The Cannon Courier
Woodbury Police officers were called on Tuesday (May 26) to investigate a possible break-in at an apartment.
They found an open window and NOTHING else.
"She didn't have anything to steal," said Patrolman John House. "She didn't have any blankets, toiletries, food or even a shower curtain."
Patrolmen Tommy Miller and Melanie McCormick responded to the call and discovered the woman's plight. Her refrigerator was basically empty.
"There was little containers of applesauce and orange juice they had given her at the hospital," House said.
"It was sad to see somebody actually living like that," Miller said.
Miller talked to neighbors while McCormick called House.
"The first thing that crossed my mind is that we've got to do something to help her," House said. "I know if my mother or my sister was in that kind of shape, I would hope someone would help."
"I told them to meet me at the Dollar General," House said.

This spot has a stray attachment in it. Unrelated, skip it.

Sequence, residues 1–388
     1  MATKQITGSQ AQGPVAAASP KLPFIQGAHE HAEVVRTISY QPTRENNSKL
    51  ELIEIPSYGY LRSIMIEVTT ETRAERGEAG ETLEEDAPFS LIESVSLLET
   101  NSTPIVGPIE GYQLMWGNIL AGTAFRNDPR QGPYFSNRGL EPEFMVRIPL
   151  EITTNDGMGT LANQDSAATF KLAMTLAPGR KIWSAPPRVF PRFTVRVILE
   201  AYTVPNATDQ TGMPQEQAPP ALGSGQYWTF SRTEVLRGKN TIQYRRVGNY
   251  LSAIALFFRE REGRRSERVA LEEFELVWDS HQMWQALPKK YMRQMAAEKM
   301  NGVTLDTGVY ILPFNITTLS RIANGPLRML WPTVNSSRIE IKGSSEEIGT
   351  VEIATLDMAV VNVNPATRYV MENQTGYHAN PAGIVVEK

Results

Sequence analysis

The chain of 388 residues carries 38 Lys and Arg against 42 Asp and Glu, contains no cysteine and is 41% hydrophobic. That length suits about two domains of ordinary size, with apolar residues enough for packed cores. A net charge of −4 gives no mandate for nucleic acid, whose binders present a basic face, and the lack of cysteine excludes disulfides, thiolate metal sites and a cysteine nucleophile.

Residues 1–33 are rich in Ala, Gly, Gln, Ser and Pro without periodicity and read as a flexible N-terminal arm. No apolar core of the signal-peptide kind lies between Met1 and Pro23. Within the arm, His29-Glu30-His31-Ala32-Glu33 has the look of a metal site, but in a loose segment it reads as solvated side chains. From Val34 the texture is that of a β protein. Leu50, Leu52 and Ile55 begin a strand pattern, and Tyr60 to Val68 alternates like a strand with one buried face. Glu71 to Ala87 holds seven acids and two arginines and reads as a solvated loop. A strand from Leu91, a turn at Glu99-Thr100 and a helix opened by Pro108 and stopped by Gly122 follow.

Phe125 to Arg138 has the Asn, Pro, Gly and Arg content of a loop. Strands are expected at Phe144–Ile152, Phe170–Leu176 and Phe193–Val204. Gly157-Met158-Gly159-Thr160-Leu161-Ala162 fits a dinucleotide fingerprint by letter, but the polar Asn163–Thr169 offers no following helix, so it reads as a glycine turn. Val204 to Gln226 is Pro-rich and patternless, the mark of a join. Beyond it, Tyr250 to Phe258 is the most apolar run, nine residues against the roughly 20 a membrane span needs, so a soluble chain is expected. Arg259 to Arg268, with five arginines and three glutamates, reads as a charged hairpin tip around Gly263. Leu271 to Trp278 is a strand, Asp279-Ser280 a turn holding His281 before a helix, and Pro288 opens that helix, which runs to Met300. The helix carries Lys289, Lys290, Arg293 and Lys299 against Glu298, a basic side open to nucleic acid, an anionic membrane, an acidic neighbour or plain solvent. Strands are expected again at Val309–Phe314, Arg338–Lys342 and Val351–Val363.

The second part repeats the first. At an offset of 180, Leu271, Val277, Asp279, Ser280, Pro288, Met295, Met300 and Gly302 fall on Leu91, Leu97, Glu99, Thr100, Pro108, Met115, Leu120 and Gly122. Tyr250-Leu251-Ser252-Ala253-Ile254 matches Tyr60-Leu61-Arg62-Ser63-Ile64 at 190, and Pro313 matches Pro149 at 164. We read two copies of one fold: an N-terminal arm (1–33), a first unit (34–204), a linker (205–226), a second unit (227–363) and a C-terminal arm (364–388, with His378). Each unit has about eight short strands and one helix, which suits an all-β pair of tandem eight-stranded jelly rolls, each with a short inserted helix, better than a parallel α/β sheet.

Together the officers gathered up the necessary items to help the woman out.
"We didn't do it to get on the news," House said. The woman genuinely needed help. She had a 10-day eviction notice posted on her door.
"We had to act to keep a roof over her head," House said.
The officer suspected the 57-year-old woman had fallen into the cracks of the state's disability programs.
Ironically, House had just taken a POST (Peace Officers Standards and Training) Commission class in Murfreesboro about how to recognize people with disabilities.
The hospital facilities like Clover Bottom Developmental Center in Nashville and Greene Valley Developmental Center in East Tennessee are being closed by the state. The state Department of Intellectual and Developmental Disabilities (DIDD) now handles those issues on a contract basis, he said.
At the Murfreesboro meeting, House learned there are some 132,000 disabled persons in Tennessee, but the needs of only 7,000-8,000 of them are being served.
"With all the stuff that's gone on in news about police and people with disabilities, it is important for us to be able to recognize and react the right way with people of that nature," he said.
Meanwhile, donations continue to pour in for the woman assisted by Miller, McCormick and House.